Everyone Outside heard. A sod walker talkset broadcast the words across a common work channel. Tony Constanza, hovering near the engineers' window, was close enough to see the man muttering, "Ants aren't normal," his voice thick with disgust.
Constanza pushed off a girder and drifted closer to the window, thinking he'd tap it a few times with his torch. An engineer's reaction to an angry ant, hammering on the sod walker's only shield against the perfect vacuum of Outside, would be interesting.
The window couldn't break, but the man might not know that. Beyond the limited confines of their various specialties, most engineers were nervous whenever they moved around the station. They were very jumpy around windows.
Constanza recognized the mouthy one, a thrust analyst named Adams. Until hearing the words, Tony thought Adams was okay, above common sod walker prejudices against spacers.
Research and development was the great passion of all engineers, and not much of that took place in space any more. They resented time away from earthside R&D computers and laboratories, and didn't even pretend to respect the spacers whom they called ants. As in "They live like ants, they work like ants, they fight like ants."
"They're worse than ants," Tony'd heard someone say, his last dirtside period. "You don't see ants eat their own shit." The recycling of waste seemed to bother engineers more than anything else, though they had developed the technology that made such alchemy possible. When sod walkers came to a station, they spent small fortunes ferrying personal supplies from home.
Constanza reached the port and raised his torch, more than willing to pay the substantial fine that would certainly follow his threatening gesture. But before Tony even began to swing the tool, the engineers had turned away and were gone.
"Tony! Hey, Tony C!" Constanza watched the window, ignoring the voice in his earphone. "We got work to do, man!"
At the far end of a lumasteel girder, Constanza's work mate, Ditka, was watching him curiously. Hearing the despised epithet "ant" on an open channel was not uncommon. It was easier and less expensive to ignore lapses in taste and etiquette than to pay for the kinds of reactions Tony had in mind.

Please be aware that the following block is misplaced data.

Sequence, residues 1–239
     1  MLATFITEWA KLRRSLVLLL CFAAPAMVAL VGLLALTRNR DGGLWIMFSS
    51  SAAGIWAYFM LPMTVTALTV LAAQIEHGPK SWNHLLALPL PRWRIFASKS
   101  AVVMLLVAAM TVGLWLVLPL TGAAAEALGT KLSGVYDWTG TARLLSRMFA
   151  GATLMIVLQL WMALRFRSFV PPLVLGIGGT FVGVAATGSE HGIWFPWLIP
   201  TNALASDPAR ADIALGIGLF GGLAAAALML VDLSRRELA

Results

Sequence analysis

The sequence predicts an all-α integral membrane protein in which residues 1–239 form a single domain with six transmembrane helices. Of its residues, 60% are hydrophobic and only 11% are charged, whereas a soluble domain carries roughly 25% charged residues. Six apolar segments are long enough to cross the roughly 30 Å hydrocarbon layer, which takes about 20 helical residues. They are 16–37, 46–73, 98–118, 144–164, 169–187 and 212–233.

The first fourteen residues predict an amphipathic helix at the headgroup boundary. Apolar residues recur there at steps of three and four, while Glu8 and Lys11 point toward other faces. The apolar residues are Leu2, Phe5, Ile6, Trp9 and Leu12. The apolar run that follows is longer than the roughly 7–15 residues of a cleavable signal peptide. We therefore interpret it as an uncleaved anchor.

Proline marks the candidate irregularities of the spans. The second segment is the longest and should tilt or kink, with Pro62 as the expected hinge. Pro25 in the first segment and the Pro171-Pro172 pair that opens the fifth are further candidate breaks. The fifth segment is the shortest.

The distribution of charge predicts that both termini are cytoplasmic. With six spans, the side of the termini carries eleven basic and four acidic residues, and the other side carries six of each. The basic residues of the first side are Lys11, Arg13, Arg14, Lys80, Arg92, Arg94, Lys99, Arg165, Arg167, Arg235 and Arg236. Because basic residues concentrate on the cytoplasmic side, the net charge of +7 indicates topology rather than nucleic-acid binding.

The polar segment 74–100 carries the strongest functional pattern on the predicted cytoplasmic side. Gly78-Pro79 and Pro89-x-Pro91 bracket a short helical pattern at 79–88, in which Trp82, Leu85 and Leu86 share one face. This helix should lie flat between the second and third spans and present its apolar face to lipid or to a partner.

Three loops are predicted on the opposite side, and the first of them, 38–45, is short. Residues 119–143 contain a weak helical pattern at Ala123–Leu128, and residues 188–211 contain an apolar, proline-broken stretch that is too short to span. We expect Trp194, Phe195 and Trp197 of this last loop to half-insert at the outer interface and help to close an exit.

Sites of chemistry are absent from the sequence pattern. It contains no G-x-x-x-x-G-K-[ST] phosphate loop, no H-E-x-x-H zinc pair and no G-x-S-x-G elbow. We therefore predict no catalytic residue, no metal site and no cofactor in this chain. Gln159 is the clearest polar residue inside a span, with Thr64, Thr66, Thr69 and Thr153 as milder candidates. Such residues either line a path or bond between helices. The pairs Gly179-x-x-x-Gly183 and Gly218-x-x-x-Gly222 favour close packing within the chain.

But Ditka hadn't seen the sour disgust on the engineer's face, confirmation the man had no more regard for Tony and his coworkers than for real insects.
"Let's hit it, sport," Ditka urged on the work channel. "Two more cubes, whattya say?"
Constanza acknowledged the transmission with a wave and moved back to his end of the girder.
A tugger eased the mass of metal and plastic closer, until Constanza took over with a remote box. He carefully guided the cube into place, keeping his eyes on the lights that confirmed the maze of fittings and connections in the cube matched corresponding ones on the station.
Whenever Tony held a remote box, mating the fittings looked far easier than it was. In a few minutes he locked the structure down, flipped the shield over his eyes and fired his torch.
In training school he'd dozed through a thirty minute lecture about super welder theory. All he knew was it caused a highly localized melting of alloy, melted two pieces together so they became one piece. For all practical purposes the whole station was a single, enormous chunk of metal. Xrays couldn't find super welded joints when they were done by an expert like Constanza.
Tony moved one way around the new cube, Ditka the other, torches strobing, casting flickering shadows onto the main body of the station. When each had circled 180 degrees, holding a super torch to the base of the new cube, it was done. Whatever the cube was to be, habitat, lab or storage area, it was ready.
Constanza moved the channel selector in the wrist of his suit to the frequency monitored by O'Mara, the shift foreman, and waited for a break in the constant flow of information. "Constanza, second sector," he said when there was a stretch of unbroken static, and studied numbers molded into the bulkhead a few feet above his eyes. "A202C1085 ready for inspection and pressure."